Ruth Rudy will add another button this week to a hat already crowded with names — from George McGovern to Barack Obama.
Every four years, the former state representative, and longtime member of the Democratic National Committee, travels the country to attend her party’s national convention.
Rudy’s been at it since 1972, and she has the hat to prove it — adorned with buttons supporting Democratic presidential candidates from McGovern to Obama, and all those in between.
So it’s no surprise that Rudy will be in Charlotte, N.C., when the 2012 Democratic National Convention kicks off today.
“I’m still enthusiastic, even though I’ve gone to all of these,” she said. “You’d think I’d say, ‘ho-hum,’ but I’m still looking forward to it.”
It’s a tradition that began while Rudy, 73, was enrolled at Penn State, and before she was a delegate.
After that, Rudy’s political career began. She served for 13 years as a state representative, and attended nine more conventions, all as a delegate or superdelegate.
She remembers being on the convention floor during the contentious primary between President Jimmy Carter and Sen. Ted Kennedy.
While Carter had the majority of the delegates, Kennedy refused to step aside, lobbying for his cause until the very end, Rudy recalled.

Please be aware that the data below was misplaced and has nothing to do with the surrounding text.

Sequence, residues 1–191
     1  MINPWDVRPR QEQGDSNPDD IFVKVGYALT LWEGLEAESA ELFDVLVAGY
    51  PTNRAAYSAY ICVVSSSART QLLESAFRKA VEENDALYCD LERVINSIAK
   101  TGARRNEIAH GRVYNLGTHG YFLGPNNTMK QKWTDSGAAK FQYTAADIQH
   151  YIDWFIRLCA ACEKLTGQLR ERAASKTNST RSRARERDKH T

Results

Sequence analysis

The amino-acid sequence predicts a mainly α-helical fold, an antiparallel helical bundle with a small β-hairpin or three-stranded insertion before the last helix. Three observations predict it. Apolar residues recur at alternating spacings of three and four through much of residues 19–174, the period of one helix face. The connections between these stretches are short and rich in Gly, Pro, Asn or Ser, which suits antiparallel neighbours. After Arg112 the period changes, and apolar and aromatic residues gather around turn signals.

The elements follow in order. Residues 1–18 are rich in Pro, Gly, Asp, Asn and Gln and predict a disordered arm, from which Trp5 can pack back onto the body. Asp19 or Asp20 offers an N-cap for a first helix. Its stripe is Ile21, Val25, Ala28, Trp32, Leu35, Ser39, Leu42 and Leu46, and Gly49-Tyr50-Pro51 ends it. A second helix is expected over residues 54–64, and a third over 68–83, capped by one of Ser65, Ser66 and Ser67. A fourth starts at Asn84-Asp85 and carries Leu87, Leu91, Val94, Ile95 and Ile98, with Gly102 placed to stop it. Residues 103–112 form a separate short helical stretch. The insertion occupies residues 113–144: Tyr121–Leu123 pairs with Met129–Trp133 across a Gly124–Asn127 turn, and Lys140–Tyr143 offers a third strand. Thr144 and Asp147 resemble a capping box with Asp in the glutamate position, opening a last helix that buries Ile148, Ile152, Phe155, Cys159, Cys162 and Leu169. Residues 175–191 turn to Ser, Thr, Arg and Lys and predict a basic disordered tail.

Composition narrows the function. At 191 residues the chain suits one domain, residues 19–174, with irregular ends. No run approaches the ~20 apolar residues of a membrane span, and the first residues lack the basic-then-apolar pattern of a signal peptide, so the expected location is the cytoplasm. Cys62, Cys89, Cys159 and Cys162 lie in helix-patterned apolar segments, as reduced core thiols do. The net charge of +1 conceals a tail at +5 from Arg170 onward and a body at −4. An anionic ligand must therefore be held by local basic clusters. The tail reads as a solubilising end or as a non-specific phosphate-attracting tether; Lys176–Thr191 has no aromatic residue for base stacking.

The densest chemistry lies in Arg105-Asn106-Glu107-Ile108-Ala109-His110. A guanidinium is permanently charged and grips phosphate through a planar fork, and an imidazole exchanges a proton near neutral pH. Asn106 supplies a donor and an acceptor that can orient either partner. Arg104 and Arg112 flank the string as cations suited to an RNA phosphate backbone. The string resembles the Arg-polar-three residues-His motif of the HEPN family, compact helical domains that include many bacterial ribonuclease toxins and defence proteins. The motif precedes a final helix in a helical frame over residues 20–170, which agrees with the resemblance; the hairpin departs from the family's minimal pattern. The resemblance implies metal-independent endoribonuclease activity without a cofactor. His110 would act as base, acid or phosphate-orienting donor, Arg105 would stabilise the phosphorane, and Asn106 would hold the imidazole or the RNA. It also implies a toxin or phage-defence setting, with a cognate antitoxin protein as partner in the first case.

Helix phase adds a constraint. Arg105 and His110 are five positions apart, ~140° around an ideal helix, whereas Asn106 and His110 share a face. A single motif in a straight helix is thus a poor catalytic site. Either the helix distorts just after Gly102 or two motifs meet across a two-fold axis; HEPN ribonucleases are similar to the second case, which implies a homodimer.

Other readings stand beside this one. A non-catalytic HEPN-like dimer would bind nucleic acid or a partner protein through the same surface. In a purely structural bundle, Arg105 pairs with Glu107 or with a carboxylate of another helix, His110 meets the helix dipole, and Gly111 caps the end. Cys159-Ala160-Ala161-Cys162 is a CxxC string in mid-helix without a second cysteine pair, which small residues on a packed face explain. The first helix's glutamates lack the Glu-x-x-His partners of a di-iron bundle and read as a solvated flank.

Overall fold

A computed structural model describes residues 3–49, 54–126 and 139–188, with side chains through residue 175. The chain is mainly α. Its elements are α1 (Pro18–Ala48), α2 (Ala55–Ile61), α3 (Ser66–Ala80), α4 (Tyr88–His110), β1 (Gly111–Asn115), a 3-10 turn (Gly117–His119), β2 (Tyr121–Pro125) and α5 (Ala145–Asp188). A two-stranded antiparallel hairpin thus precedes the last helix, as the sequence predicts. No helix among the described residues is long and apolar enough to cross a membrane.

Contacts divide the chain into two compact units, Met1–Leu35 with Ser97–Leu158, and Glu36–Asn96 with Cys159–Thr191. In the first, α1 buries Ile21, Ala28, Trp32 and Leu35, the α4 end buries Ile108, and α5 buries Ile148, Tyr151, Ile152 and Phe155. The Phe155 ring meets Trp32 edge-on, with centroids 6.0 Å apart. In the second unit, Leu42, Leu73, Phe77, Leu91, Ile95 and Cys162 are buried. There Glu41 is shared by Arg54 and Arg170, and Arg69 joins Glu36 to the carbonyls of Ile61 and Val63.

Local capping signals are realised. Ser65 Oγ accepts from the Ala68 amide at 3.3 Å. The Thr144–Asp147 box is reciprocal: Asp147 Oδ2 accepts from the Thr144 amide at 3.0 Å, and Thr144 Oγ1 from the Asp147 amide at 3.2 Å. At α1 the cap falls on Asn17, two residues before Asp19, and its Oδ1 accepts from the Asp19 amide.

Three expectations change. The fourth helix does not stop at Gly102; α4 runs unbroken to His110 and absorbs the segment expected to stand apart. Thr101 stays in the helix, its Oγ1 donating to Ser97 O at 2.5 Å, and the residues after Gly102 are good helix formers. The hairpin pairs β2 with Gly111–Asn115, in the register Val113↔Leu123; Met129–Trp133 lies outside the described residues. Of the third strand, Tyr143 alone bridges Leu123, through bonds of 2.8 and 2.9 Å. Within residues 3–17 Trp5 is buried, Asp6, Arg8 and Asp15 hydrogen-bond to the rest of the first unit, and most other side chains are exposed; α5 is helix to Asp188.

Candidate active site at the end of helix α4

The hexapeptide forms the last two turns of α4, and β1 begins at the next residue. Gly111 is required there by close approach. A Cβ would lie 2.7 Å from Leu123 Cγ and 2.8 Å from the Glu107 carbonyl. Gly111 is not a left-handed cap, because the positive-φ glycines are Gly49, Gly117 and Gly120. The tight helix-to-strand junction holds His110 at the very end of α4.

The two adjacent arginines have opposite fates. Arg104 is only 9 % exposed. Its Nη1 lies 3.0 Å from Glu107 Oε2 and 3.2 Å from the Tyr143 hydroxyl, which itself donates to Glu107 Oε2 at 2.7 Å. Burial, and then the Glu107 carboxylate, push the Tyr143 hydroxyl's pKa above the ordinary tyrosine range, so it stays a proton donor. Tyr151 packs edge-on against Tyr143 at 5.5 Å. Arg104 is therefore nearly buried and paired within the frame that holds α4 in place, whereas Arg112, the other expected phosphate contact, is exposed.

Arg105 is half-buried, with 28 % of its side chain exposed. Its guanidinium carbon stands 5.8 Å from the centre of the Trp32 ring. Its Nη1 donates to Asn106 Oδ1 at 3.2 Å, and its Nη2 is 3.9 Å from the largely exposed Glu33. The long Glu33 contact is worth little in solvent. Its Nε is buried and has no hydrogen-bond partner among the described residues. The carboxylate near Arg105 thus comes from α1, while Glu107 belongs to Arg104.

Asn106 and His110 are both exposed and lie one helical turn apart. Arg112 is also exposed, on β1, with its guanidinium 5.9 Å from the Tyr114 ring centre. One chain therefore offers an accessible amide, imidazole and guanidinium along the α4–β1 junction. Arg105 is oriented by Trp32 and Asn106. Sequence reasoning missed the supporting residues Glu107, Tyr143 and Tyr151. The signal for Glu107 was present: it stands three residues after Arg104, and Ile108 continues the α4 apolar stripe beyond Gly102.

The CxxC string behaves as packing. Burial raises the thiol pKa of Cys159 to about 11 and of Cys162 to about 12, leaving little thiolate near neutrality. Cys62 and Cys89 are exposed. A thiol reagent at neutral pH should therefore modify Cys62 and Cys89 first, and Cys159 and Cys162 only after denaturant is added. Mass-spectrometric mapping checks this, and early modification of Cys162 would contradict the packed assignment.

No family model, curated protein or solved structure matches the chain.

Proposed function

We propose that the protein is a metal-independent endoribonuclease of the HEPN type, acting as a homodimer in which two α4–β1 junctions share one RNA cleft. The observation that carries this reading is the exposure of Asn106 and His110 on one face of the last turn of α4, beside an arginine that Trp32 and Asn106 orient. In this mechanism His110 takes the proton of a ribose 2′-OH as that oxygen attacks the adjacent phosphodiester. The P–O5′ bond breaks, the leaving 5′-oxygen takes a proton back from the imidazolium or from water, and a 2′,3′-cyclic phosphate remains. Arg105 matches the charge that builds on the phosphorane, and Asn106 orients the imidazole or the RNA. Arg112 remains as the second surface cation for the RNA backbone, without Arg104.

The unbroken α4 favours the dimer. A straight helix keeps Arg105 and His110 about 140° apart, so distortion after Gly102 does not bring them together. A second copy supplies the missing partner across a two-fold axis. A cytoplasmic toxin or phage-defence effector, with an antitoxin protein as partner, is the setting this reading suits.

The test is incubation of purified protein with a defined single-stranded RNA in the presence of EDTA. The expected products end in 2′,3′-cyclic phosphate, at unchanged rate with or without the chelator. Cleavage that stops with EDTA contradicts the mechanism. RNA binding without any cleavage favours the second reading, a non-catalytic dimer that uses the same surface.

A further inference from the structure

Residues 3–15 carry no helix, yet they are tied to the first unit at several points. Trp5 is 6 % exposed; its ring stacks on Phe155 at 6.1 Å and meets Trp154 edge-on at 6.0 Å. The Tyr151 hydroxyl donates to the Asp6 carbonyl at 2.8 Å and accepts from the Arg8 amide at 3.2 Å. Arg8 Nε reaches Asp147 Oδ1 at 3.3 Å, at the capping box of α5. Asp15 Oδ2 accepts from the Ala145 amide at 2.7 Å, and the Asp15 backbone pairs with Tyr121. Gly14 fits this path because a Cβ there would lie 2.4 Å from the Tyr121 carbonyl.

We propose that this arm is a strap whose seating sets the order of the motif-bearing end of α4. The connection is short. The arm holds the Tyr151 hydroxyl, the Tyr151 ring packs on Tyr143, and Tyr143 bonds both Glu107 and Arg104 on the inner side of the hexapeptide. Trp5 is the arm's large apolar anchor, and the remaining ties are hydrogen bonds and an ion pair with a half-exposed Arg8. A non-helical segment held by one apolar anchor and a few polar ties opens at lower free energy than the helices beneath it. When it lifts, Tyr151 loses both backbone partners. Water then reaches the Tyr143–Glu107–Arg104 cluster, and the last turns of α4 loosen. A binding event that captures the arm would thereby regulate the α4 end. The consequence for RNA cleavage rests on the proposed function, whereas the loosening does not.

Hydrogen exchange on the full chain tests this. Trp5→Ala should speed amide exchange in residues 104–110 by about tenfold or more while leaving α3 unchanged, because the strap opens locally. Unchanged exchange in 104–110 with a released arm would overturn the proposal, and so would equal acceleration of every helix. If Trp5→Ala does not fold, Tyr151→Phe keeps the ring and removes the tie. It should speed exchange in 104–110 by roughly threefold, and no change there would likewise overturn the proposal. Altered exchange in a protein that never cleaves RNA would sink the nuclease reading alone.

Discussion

“Sitting on the floor with all those people, every time Kennedy’s name was mentioned, they would yell,” she said. “It was a very interesting — a very divided convention.”
Rudy realizes unity won’t be a issue this year, with Obama instead using the event to rally support for his re-election campaign.
“I think this is going to be a very clear-cut convention,” she said. “It’s about getting (voters) revved up to get them out on election day. The main thing is to keep them interested and keep them speaking.”
New voices are entering those discussions more than ever, according to Rudy, as droves of young people are getting involved.
“They have the enthusiasm,” she said. “They have the energy that it takes to present their candidate to the rest of the world. It’s going to be up to them when somebody like me slowly fades from the scene.
“I thought that would have been a lot longer ago,” she said with a laugh.
For now, Ruth is looking forward to seeing old friends, meeting with the state’s caucus and hearing Obama speak.
“The days are pretty hectic,” she said. “But you get caught up in all the pomp and circumstance. Especially the last night of the convention. It’s something like the Olympics (closing ceremony).”
It’s something Rudy says everyone should experience at least once.
“I think it would be wonderful if everyone had this opportunity, regardless of party affiliation,” she said. “I’m sure they’d never regret it.”
Matt Carroll can be reached at 231-4631. Follow him on Twitter@Carrollreporter.